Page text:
The Mars Rover Can 'Dream'

Curiosity Mars Rover


For the next two years, Mars rover Curiosity will spend her days roaming around the Red Planet trying to determine if Mars ever was, or is, able to support microbial life.In many ways, the plutonium-powered science laboratory on wheels is like a person. At least that’s how Curiosity’s makers want us to think of her (yes, the one-ton robot is a she according to the rover’s Twitter account). 

The agency has created a whole section where it compares all the rover’s parts to human body parts. The rover has a body (the structure that protects her internal components); a neck and head (a mast that carries the cameras or “eyes”); arms and hands (instruments that collect rock and dust samples); legs (attached to wheels that help it move around); and a brain (the computer that processes all of commands send from the flight team and monitors the rover’s health ). And because travelling around Mars all day while tolerating extreme radiation and temperature swings can use up a lot of energy, Curiosity, like a person, has different stages of consciousness: awake, sleep and “dream mode.” Which means Curiosity can dream! Well, sort of.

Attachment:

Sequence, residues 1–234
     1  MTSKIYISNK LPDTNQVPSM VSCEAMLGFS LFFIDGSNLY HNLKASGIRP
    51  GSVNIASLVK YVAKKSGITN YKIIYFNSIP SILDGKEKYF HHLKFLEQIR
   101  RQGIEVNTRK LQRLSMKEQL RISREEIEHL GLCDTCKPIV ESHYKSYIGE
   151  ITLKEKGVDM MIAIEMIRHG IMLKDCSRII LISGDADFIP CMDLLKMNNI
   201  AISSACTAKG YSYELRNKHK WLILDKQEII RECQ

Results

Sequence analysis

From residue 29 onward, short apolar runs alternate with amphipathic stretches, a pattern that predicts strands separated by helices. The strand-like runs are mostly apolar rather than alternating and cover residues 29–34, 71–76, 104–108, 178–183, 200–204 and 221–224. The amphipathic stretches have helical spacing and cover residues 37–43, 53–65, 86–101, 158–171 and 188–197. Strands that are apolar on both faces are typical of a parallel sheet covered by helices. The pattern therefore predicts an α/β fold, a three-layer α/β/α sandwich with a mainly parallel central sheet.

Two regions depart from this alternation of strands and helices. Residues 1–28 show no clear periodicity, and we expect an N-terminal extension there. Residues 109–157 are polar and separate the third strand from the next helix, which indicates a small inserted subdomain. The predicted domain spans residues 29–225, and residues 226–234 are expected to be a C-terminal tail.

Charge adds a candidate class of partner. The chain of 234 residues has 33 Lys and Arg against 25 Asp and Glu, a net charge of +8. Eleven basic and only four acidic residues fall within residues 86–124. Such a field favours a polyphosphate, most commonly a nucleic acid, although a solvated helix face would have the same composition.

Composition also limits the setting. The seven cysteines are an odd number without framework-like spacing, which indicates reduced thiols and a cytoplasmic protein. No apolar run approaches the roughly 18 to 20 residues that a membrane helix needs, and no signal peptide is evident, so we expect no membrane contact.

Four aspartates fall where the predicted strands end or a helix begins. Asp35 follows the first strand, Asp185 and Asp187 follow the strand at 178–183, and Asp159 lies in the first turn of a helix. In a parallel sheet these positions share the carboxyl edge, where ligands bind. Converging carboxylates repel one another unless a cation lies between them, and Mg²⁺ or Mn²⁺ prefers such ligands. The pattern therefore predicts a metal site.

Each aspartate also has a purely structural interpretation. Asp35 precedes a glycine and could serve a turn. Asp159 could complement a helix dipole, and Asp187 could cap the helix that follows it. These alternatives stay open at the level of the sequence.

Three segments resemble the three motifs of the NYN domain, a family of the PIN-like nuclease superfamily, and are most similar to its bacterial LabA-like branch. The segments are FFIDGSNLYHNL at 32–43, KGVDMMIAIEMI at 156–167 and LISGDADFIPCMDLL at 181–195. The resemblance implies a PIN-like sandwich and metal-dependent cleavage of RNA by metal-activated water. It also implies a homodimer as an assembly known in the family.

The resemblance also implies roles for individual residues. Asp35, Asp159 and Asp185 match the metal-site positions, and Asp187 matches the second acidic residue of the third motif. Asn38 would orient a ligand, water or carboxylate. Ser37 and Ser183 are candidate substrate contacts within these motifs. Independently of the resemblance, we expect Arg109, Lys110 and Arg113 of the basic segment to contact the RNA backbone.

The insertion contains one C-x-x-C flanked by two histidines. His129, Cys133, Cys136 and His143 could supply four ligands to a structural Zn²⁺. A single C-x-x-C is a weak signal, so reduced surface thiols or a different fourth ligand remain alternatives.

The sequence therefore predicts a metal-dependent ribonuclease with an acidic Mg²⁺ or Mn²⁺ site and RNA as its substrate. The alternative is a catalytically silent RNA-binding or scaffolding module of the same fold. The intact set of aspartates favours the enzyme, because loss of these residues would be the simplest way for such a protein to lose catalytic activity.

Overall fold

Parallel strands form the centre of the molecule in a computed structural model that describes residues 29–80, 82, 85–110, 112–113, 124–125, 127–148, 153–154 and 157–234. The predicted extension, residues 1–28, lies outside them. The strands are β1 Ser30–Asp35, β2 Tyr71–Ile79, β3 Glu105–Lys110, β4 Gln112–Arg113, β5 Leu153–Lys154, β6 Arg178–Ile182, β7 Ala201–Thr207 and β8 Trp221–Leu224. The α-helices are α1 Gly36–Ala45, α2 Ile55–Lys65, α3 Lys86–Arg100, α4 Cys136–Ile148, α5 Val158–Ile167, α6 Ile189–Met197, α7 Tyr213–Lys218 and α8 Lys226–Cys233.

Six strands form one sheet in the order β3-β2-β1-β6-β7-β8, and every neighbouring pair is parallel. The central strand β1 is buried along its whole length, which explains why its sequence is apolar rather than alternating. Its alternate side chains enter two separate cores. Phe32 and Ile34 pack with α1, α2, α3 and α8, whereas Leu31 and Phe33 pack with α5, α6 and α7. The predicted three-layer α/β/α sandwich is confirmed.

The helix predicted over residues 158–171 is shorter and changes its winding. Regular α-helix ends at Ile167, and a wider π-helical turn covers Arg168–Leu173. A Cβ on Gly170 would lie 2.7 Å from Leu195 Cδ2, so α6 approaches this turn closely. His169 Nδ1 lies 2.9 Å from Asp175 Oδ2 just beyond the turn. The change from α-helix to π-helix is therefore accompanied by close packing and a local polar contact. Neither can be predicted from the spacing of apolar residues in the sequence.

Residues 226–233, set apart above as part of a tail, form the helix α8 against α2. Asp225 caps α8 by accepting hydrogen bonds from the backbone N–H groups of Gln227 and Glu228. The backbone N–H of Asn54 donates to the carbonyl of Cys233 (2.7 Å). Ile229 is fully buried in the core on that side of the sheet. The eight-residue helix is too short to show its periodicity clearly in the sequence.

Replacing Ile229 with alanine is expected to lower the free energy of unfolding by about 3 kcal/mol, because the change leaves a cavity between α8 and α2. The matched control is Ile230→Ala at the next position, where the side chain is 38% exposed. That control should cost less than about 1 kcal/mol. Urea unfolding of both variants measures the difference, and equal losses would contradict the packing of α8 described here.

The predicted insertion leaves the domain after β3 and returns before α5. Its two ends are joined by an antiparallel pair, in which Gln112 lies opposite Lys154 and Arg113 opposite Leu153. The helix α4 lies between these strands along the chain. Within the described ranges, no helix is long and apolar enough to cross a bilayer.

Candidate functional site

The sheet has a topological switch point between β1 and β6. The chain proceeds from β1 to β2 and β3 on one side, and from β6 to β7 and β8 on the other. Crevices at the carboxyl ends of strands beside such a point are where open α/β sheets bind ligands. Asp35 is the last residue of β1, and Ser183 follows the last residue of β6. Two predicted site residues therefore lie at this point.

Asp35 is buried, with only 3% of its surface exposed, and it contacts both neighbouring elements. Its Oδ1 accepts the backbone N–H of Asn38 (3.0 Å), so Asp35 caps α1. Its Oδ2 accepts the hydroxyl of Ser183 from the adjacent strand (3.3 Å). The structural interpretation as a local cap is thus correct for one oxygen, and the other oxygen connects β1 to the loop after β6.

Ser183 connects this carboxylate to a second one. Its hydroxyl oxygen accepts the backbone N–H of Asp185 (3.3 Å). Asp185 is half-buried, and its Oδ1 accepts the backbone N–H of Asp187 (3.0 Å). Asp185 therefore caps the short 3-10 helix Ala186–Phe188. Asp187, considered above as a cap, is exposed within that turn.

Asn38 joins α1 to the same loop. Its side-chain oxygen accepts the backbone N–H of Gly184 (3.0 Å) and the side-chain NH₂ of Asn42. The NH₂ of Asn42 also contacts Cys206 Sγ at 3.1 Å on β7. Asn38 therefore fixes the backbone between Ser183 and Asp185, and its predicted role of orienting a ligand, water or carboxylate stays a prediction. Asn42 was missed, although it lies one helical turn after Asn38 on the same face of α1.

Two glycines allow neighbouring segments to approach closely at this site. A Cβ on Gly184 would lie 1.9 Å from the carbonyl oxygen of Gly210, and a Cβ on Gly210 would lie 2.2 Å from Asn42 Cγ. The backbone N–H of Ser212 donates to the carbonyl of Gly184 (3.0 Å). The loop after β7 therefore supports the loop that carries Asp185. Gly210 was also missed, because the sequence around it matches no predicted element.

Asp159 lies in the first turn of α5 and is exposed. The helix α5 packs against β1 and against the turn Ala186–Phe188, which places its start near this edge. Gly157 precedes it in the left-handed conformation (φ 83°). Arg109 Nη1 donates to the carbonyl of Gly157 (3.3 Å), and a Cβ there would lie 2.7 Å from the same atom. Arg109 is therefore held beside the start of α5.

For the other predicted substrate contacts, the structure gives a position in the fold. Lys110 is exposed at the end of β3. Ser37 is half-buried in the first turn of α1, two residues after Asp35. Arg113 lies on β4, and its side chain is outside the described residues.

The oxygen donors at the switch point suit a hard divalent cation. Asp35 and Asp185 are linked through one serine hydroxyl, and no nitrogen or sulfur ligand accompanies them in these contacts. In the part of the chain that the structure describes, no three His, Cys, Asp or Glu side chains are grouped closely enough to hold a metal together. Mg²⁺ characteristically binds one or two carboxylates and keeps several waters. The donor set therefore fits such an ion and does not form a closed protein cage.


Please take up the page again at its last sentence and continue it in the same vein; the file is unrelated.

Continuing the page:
In “dream mode” the robot’s brain is asleep, but it can still perform many activities. We assume this is kind of like sleepwalking. “Dream mode” saves energy while allowing scientists to assess the health of the vehicle and check vital functions by turning on different instruments, like heaters, while Curiosity is sleeping. These tests prepare Curiosity for its next day on Mars.  

“A lot of times we do stuff with the rover computer off, because it saves energy for us,” rover mission systems manager Mike Watkins told reporters Tuesday. “By using our reptile brain here in dream mode, it allows us to do just enough activities to stay alive and monitor what’s going on when we’re asleep.”

Meanwhile, Curiosity is getting ready for its first tes drive on the Martian surface, which NASA says should take place within a week or so.  

More on Mars:

  • These Are The Conditions A Human Would Face On Mars
  • Curiosity Rover Takes An Adorable Self-Portrait
  • Visit Honeybee Robotics, Where Two Of Curiosity’s Instruments Were Made 
  • Curiosity Provides The First Piece Of Crucial Information About Putting 

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